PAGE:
Chris Anderson writes, in: The Long Tail: The Connection Between Global Warming, PR spam and Magazines.
Take those "blow-in" subscription cards that we put in our magazines. Our circulation department wants to put in as many as possible, because five cards have a slightly higher chance of one being sent back than four, and six is slightly higher yet. As long as those cards earn more in subscriptions than the cost of paper and print, they're considered a good thing from the circulation department's perspective.
Yet as we editors who talk to readers and get their email know, people HATE those cards. They fall out of magazines when you pick them up, forcing you to bend over to retrieve them and find a trash can in which to throw them away. This is a real negative cost that hurts our relationship with our readers, but because we can't measure it directly, it's an externality and thus mispriced at zero in the economics of the magazine industry.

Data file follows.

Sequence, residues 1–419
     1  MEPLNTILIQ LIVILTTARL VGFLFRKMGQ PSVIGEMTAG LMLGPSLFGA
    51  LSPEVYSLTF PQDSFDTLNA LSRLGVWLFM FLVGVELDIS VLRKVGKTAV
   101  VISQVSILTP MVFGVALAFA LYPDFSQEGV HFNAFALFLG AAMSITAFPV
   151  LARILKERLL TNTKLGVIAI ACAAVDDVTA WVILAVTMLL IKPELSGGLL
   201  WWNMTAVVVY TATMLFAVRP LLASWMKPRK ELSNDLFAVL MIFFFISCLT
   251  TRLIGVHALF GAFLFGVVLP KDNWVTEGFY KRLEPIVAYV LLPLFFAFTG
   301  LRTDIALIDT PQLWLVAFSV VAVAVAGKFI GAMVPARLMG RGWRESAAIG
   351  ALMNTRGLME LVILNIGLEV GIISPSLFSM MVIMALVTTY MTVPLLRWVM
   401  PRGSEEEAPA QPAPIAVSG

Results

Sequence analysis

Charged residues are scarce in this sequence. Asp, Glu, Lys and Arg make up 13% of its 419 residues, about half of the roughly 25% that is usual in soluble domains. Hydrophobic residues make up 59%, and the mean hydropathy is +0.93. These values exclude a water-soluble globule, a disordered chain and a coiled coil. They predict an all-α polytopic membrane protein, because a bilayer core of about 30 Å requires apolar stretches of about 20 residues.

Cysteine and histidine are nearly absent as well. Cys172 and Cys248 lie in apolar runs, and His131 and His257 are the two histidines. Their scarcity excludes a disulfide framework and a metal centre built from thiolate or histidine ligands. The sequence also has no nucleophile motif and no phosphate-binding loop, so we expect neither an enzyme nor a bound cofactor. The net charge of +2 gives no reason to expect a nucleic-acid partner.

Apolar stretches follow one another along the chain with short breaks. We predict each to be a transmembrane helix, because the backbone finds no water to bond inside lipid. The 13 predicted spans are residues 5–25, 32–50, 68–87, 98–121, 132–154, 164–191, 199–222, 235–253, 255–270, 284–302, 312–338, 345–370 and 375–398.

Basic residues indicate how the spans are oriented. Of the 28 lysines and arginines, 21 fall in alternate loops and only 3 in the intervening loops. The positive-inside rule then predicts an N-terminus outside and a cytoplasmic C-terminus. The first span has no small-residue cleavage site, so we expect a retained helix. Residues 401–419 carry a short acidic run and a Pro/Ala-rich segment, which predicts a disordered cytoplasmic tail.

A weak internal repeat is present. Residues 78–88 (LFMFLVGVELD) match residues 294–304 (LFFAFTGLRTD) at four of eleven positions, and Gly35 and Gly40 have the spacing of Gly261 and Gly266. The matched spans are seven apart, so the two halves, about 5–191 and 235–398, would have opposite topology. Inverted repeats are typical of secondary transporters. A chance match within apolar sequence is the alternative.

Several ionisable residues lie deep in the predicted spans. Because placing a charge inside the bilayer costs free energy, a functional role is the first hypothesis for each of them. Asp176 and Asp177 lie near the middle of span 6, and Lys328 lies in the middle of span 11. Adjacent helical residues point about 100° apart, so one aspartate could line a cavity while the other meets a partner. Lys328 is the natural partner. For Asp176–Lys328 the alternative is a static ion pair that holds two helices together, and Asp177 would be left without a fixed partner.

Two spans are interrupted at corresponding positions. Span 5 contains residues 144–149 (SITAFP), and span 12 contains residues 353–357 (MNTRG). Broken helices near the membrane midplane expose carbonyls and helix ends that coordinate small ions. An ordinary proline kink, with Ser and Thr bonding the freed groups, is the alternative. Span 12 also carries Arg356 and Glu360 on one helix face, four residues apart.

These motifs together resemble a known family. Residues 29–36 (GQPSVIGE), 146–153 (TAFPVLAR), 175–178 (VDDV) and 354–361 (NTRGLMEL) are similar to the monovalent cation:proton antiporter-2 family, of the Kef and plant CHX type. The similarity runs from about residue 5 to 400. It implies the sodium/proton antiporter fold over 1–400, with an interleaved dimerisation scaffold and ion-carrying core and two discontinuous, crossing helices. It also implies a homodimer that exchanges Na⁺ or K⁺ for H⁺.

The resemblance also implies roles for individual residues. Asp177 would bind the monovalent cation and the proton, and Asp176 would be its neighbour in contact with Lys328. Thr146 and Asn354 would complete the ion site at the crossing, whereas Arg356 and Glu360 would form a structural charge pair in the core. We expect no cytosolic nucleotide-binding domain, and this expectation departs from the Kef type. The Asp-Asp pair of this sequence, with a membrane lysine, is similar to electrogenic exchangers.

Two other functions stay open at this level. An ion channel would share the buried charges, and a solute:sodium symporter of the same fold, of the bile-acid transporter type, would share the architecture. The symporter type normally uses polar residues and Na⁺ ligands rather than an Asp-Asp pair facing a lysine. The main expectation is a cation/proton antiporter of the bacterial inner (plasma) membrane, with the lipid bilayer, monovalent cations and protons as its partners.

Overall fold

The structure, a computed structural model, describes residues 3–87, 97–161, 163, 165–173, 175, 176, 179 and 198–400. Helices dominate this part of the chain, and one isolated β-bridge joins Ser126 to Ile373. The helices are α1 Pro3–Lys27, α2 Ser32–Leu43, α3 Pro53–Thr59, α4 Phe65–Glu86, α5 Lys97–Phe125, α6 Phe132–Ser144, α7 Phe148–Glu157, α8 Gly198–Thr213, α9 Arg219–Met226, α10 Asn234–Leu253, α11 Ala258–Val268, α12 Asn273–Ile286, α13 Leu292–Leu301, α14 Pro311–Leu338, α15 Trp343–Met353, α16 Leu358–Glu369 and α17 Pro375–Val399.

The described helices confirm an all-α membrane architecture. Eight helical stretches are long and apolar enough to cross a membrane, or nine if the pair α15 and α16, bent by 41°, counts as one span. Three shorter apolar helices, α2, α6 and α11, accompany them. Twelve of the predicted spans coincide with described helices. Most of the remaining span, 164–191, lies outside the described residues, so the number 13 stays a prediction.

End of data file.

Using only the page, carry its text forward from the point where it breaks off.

No more. I've been spoiling for a showdown with the blow-in blackguards for some time now, and am going to fire up a Facebook Cause dedicated to eradicating blow-ins. In a nutshell: I'm going to be urging anyone who will listen to take those blow-in cards and deposit them not in the nearest trashcan, but in the nearest mailbox.
The economics of blow-in cards are pretty compelling to magazine publishers, as Chris points out above. But here's the thing -- the USPS charges the source of the litter (also known as business reply mail of the blow-in variety) by the piece returned. Here's a list of the fees, which, when compared to the infinitesimal cost of blow-in cards that must underlie the systematic littering we're talking about, could get to be fairly whopping.